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Advice from Lady Chablis/Apologies to the Howards

October 8, 2012

A few years ago, I received a grant from a foundation based in my small hometown in Pennsylvania. It was for a theatre project I was doing with local school kids in the area and was backed by two other grants already (a state and national grant.) This local foundation grant, though was, the icing on the cake… allowing me to make sure we had awesome costumes and props, and pay for our gas as we drove from school to school.

The foundation is a well-respected institution in the area and always publishes in the local media, news of their grant recipients. I was honored and proud to work with them, and thrilled to stand in that awkward way, smiling as they handed me a check while a news photographer snapped pictures.

But being a small town, I should have guessed what would happen next….

“Well, it must be nice to know so-and-so, on the foundation. She only got that grant because she knows so-and-so,” is what I heard some people said.

Yes, in full disclosure, I do know some people on the grant committee. Did I mention that it’s a small town? Everyone knows people on that committee. I don’t think a single grant recipient could be free from that “stigma.” But did I get the grant because I know people? No.

First of all, like with nearly all grant-making bodies, the grant-requesters remain anonymous during voting. Secondly, it was a darn good project, that had already had received grants from state and national foundations, so I know this wasn’t a fluke.

But did that accusation sting? Yes, it sure did. Did it make me feel ashamed, even though there was no truth to it? Yes. And though it was a couple of years ago, I still think about it, and feel bad.

I have a friend who, when I am obsessing about things that mean nothing, quotes Lady Chablis from the “Midnight in the Garden of Good and Evil.” “Two tears in a bucket, mother-f*&k it.” Indeed, good advice.

But what I think I need more is a little dose of my own medicine… I mean, instead of worrying about what other people have said about me, I will worry about what I say about others, and try to catch myself from doing the same small-town gossip mongering that I encountered.

For example, I was recently at a film festival, where a short no-budget film I star in was screened with a short huge-budget film made by Bryce Dallas Howard (ie, for one shot they mounted the camera to a helicopter.) What did I find myself saying, “hmm… must be nice to be Ron Howard’s daughter so people will give you all the money you want for your film.”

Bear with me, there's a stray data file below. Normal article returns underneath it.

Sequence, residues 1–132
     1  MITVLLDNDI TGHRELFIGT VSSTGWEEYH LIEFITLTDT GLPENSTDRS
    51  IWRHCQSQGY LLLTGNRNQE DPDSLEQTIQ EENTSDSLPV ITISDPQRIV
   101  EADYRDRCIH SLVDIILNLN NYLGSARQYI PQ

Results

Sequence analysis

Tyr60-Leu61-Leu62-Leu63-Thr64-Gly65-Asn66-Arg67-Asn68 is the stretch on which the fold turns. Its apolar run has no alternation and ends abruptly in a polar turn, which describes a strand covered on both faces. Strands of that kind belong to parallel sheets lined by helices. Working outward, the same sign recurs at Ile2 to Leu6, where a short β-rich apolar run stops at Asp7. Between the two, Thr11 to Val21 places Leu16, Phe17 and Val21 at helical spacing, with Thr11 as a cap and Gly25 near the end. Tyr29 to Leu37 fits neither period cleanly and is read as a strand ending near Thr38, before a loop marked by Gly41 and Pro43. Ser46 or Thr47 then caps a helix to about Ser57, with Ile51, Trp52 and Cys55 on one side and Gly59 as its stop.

Ouch. Not cool. And not even true…I know she has to work hard. Why did I say it? Frankly, I was jealous of her film and wanted to disparage her because of that. Attractive quality, right? Nice.

When you think about it, I was doing the same to Ms. Howard as Small-Town-Gossip-Mongers did to me. (except, I doubt the Howards lost any sleep over it!)

But I guess what I’m saying is that in pursuing this career, we will always encounter people who are jealous of our success…… and guess what…. We will also find ourselves jealous of others.

So for me, I am making a pact to try to catch myself from having a small-town mind when it comes to others’ success, and celebrate the fact that success exists! And in the meantime, I hope that helps me shake it off when people are jealous of mine.

And finally, darn it, I’m going to apply for another grant from that foundation because I’ve got a pretty brilliant idea for a local radio play. Mother-f*%k it.

For further atonement, I give you the Bryce Dallas Howard film. Darn, it is really beautiful. You go girl!

4 Comments leave one →
  1. California Triple-Threat permalink
    October 8, 2012 11:37 pm

    Way to go! It’s hard to support others when we feel we deserve their success more than they do… but it’s so important to do if we want to have a healthy outlook on our own success.

  2. The Growing Artist permalink
    October 10, 2012 2:15 pm

    Great post! I can definitely relate, having come from a small town as well. I am guilty of this kind of thinking in the past. I agree with California Triple-Threat’s comment- it’s good that you are trying to have a healthy outlook! I try to do the same, although it is sometimes hard.

  3. October 11, 2012 9:18 am

    This is such a great reminder. I am totally guilty of this small-minded thinking and would like to stop!


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